Later Life

Nationwide trials retirement interest-only mortgage

Rozi Jones
|
22nd November 2018
Natiownide
"We have committed to invest an additional £1.3 billion over the next five years to transform our technology estate and capabilities. "

Nationwide has confirmed that it is testing a retirement interest-only mortgage alongside its existing equity release mortgage.

A number of lenders have introduced retirement interest-only to their ranges after the FCA reintroduced the product earlier this year.

In the Society's interim results, it announced that total gross mortgage lending rose to £17.3bn in H1 2018 compared to £16.7bn in the previous year.

Additionally, Nationwide said it plans to invest an additional £1.3bn in technology over the next five years.

As a result of this investment, alongside asset write-offs, overall profits fell 17% to £516m in the first half of the year.

Joe Garner, chief executive at Nationwide Building Society, said: "We have committed to invest an additional £1.3 billion over the next five years to transform our technology estate and capabilities. This will take our total investment over the next five years to £4.1 billion and will ensure the Society makes the most of the opportunities ahead. We will develop new propositions, further enhance our service, simplify our operations and build new skills for the future.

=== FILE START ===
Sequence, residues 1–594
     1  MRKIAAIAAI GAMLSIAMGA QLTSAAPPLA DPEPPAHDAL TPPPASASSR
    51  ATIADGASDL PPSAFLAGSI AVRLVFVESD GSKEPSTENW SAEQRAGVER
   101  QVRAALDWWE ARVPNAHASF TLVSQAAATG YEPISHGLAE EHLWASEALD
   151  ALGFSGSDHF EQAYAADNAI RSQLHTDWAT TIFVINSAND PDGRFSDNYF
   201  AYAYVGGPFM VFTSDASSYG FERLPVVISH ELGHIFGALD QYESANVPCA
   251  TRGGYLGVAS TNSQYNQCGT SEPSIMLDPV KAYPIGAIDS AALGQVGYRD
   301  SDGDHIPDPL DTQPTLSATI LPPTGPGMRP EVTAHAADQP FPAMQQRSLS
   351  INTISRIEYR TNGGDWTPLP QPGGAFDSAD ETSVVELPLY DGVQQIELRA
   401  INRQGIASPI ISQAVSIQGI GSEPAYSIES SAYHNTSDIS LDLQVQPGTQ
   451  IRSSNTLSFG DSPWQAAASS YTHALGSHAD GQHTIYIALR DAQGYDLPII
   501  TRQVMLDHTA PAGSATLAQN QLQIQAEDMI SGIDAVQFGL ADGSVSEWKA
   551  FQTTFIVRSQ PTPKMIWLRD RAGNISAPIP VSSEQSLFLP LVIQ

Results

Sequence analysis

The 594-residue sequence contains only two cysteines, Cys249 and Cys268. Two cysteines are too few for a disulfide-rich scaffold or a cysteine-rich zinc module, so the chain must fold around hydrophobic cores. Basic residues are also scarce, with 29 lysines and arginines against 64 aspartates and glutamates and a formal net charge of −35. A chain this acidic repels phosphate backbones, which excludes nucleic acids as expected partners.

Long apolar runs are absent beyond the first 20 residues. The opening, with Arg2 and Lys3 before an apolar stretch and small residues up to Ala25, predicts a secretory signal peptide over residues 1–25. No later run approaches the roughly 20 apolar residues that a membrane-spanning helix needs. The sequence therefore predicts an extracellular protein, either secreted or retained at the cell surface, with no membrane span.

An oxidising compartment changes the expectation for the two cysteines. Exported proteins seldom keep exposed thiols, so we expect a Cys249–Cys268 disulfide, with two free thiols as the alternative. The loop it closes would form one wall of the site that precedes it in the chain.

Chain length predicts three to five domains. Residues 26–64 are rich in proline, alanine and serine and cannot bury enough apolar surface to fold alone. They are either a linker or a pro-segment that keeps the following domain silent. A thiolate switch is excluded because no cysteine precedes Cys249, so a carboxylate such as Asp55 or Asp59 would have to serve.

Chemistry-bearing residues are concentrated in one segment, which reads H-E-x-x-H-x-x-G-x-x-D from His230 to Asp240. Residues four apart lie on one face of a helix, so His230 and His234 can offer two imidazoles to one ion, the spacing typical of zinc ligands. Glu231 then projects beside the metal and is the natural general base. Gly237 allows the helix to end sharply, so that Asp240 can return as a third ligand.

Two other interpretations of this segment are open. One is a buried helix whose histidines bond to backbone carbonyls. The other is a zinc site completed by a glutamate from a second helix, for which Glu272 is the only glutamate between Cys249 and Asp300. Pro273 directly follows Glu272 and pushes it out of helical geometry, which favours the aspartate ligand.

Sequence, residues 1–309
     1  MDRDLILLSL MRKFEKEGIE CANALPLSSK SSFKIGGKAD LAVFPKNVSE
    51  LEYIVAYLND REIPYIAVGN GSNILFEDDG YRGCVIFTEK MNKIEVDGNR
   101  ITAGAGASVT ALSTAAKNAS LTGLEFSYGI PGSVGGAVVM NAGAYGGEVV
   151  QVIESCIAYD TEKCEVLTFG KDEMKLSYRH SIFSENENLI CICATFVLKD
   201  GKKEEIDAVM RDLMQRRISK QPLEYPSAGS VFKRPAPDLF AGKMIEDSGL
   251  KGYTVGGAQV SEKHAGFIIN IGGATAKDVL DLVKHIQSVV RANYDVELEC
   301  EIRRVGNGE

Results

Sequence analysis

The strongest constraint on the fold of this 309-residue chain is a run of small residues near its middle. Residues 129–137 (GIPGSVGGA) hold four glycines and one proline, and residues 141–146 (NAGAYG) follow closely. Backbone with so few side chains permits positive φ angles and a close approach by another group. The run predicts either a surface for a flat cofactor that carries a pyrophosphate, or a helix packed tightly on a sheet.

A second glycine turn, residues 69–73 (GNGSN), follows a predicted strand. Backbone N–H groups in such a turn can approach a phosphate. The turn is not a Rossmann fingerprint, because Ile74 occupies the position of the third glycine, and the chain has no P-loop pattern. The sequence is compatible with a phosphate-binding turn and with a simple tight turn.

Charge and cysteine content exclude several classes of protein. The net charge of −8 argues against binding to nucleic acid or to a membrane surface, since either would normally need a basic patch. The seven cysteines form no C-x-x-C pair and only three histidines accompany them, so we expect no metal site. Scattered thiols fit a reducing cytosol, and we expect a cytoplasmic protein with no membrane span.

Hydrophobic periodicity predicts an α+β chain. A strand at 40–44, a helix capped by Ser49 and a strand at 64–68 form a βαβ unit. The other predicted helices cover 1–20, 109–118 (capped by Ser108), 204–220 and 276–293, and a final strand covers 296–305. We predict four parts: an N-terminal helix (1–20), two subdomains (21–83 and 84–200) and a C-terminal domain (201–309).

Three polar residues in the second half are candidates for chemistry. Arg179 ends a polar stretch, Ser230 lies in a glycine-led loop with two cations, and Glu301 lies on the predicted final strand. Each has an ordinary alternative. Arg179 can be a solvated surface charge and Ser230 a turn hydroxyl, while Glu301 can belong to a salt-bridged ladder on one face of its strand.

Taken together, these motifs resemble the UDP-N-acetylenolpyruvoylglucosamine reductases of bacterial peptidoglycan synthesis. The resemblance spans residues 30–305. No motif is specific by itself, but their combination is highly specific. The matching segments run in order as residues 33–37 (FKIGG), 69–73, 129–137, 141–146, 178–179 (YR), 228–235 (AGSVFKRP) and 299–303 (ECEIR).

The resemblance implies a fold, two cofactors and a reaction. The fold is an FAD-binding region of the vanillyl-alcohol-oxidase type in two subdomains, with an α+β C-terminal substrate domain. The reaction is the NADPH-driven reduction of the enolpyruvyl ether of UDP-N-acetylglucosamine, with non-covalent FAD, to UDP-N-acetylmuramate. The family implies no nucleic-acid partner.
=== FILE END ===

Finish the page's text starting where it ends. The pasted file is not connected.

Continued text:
“Our first half profits were lower than last year because we have chosen to increase our investment in the future of our Society. As a mutual, we do not judge our success by profit growth alone, but by how we manage our profits to serve our members’ interests."

Mark Rennison, chief financial officer, added: As a building society we do not aim to maximise profit and our decision to increase investment was in the full knowledge that it would impact on our profitability. If we exclude the charge we’ve recognised for asset write-offs and incremental technology spend, profits are in line with last year and we have held costs flat while servicing rising business volumes.

“As a mutual we take decisions on rates that are in the long-term interests of our membership, rather than pursuing short-term gain. We anticipate this, and the competitive market, will lead to further pressure on margins in the second half of the year."

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